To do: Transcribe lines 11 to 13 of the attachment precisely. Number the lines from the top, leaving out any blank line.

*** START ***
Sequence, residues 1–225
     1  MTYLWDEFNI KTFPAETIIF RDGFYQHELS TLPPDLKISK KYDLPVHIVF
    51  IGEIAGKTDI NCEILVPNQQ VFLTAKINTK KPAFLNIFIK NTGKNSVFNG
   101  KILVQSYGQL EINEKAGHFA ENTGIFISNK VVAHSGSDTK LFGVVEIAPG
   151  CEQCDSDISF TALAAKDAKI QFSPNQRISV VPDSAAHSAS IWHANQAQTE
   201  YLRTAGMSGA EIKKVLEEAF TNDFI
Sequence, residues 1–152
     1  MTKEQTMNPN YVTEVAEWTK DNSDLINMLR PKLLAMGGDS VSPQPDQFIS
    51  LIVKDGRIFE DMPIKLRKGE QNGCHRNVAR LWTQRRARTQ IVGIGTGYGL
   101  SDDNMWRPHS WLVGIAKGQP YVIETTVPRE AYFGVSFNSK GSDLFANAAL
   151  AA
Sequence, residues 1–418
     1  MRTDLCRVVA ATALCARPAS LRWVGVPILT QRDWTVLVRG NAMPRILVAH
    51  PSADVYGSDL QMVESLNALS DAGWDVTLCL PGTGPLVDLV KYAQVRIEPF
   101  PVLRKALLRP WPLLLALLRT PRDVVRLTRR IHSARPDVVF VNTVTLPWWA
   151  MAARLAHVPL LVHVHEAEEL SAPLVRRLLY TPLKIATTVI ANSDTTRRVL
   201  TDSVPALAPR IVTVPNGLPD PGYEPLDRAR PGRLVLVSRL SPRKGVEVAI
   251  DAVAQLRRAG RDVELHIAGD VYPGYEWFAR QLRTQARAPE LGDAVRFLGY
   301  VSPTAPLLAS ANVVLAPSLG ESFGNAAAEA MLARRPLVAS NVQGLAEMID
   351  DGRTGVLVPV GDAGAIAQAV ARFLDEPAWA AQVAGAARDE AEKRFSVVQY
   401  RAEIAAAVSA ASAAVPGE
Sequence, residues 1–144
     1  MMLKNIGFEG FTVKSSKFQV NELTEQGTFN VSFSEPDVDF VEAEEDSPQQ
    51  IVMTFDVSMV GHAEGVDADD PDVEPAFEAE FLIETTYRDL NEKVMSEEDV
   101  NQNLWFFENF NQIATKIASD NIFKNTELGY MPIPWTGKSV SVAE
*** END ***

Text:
   151  AA
Sequence, residues 1–418
     1  MRTDLCRVVA ATALCARPAS LRWVGVPILT QRDWTVLVRG NAMPRILVAH